Marysville toddler seriously injured in fall from window

The accident prompted a reminder by authorities that window screens cannot prevent a child from falling.

MARYSVILLE — A toddler was flown by medical helicopter and hospitalized with possibly life-threatening injuries Tuesday afternoon after falling six feet from a window.

The child, about 2 years old, fell from a first story window onto concrete and was flown to Harborview Medical Center in Seattle to be treated, according to a Facebook post by the Marysville Fire District.

“While our thoughts are with that child’s family, we want to encourage all of you to check your windows and install locks or guards if you haven’t already (these prevent the window from fully opening),” the fire district’s post said. “Window screens are not strong enough to support the weight of a child.”

As temperatures rise, people try to cool their homes with a breeze through open windows. Every year it leads to thousands of injuries nationally and about a couple dozen in Snohomish County.

Each year, 3,500 to 5,000 U.S. children are hospitalized after falling from an open window, according to data compiled by Harborview. Window screens provide no protection against such tragedies and likely contribute to the risk of a fall. Over 85% percent of children who fall through windows first fall through a screen, the hospital reported.

Harborview admits 40 to 50 young children annually for injuries sustained in falls from windows. One-third of children hospitalized after a window fall require intensive care, and one in four children returns home with a disability. Serious head injuries are common; other injuries include facial fractures, neck and abdominal injuries and arm and leg fractures.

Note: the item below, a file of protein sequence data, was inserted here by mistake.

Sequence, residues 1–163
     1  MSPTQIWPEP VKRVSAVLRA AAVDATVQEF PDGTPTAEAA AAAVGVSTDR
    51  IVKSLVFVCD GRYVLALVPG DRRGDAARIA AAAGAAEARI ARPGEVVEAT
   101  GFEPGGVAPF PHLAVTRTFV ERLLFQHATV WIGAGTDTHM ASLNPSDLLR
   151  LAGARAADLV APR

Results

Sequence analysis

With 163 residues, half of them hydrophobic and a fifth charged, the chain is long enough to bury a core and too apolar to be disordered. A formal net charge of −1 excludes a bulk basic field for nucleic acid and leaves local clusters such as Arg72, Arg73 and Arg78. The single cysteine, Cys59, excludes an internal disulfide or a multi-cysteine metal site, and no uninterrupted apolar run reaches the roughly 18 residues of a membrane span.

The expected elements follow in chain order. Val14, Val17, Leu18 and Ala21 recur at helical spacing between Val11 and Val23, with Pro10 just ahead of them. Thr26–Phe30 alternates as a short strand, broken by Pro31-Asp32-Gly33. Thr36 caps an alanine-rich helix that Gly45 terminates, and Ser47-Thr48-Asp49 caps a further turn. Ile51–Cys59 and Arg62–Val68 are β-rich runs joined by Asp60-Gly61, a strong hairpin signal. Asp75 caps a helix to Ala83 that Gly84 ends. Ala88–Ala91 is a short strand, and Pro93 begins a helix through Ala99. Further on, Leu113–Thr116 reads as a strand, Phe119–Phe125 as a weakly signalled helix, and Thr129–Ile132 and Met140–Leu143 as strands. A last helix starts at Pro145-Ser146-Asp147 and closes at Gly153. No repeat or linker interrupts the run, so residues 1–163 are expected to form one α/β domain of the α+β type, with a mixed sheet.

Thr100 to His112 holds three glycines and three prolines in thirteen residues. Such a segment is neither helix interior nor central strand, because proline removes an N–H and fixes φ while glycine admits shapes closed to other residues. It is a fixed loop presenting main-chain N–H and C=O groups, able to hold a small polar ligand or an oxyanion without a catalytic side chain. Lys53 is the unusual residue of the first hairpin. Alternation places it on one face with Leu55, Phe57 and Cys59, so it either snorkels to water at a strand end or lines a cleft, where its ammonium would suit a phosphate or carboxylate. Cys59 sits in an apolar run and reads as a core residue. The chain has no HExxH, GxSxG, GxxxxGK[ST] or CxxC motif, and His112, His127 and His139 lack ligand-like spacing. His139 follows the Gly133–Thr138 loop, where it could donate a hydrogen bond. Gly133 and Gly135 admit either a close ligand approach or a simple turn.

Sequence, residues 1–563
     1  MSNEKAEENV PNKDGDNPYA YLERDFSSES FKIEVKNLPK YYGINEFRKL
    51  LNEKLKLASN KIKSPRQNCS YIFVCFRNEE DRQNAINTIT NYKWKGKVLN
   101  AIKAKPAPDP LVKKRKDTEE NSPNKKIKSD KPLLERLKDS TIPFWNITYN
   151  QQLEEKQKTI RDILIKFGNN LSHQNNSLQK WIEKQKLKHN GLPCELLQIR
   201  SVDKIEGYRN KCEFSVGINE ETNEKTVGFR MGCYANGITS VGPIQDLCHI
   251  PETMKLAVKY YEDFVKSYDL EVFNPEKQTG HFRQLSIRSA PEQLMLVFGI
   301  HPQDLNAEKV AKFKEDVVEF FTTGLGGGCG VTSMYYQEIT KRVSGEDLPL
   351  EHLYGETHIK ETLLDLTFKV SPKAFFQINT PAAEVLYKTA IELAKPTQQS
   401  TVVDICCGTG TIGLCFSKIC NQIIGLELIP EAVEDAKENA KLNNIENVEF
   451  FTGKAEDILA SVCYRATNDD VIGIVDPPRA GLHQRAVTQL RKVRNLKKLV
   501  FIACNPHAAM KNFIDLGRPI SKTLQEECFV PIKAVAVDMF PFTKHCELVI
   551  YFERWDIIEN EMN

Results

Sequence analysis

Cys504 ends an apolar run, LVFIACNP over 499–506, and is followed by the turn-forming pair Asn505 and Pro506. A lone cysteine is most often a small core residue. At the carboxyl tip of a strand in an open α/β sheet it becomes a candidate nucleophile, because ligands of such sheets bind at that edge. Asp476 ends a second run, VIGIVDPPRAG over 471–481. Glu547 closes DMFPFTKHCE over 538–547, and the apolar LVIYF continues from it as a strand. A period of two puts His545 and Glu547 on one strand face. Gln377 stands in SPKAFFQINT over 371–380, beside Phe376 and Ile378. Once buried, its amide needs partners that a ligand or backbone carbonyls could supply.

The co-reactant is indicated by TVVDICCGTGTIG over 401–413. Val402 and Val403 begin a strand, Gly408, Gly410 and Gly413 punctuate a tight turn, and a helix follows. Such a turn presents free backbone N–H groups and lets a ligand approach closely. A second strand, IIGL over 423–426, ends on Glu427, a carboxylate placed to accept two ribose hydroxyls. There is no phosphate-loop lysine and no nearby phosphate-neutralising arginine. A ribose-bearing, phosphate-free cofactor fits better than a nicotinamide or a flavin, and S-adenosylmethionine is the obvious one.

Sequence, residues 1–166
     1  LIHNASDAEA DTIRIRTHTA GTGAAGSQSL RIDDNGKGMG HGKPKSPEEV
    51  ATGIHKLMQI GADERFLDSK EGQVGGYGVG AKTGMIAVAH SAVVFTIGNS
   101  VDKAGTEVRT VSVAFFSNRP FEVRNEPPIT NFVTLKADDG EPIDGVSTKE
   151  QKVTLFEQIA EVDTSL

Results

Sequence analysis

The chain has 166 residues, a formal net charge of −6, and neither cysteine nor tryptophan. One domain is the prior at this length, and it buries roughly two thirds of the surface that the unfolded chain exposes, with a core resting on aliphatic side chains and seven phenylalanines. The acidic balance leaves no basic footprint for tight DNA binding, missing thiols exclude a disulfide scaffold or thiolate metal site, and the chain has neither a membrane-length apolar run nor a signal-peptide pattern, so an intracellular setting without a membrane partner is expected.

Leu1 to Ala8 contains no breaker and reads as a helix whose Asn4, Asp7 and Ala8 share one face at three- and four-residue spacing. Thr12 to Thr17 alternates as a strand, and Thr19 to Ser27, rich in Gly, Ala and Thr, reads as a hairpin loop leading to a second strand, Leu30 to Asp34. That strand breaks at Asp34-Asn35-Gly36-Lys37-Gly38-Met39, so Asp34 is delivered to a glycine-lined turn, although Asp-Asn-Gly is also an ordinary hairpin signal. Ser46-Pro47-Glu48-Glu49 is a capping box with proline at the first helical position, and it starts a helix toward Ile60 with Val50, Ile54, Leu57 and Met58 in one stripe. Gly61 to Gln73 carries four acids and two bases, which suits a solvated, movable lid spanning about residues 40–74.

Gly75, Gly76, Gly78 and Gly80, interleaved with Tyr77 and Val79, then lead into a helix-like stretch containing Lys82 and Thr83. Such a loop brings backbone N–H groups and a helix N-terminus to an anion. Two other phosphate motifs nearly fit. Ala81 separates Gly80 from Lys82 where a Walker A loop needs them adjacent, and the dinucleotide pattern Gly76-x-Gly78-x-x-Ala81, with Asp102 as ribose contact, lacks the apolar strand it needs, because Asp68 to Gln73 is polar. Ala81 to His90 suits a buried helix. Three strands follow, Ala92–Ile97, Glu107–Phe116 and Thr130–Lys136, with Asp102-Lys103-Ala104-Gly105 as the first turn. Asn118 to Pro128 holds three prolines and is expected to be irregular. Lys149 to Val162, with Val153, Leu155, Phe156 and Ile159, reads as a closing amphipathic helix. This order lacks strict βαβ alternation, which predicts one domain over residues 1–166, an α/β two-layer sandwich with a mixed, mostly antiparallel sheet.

Most window falls happen in the child’s own home, according to Harborview. Over 70% occur in spring and summer months, when families open windows for cooling and ventilation. As of 2015, 4 of every 5 Seattle rental units had no primary air conditioning, according to the U.S. Census Bureau. Children are vulnerable to falls, whether they live in single-family homes or apartments, the city or the suburbs.

“Window screens give a false sense of security,” Dr. Brian Johnston, chief of pediatrics at Harborview, the region’s only Level I pediatric and adult trauma center, said on the hospital’s website. “A screen is not a safety device. It’s designed to keep insects out, not to keep children in. Parents of young children need to take other steps to prevent this tragedy.”

The Marysville Fire District encouraged people to move furniture away from windows to keep children from climbing to them.

If a child falls from a window, call 911 because moving them could make their injuries worse.

The Marysville Fire District has some window locks available for free. Call 360-363-8507.

Ben Watanabe: bwatanabe@heraldnet.com; 425-339-3037; Twitter @benwatanabe.

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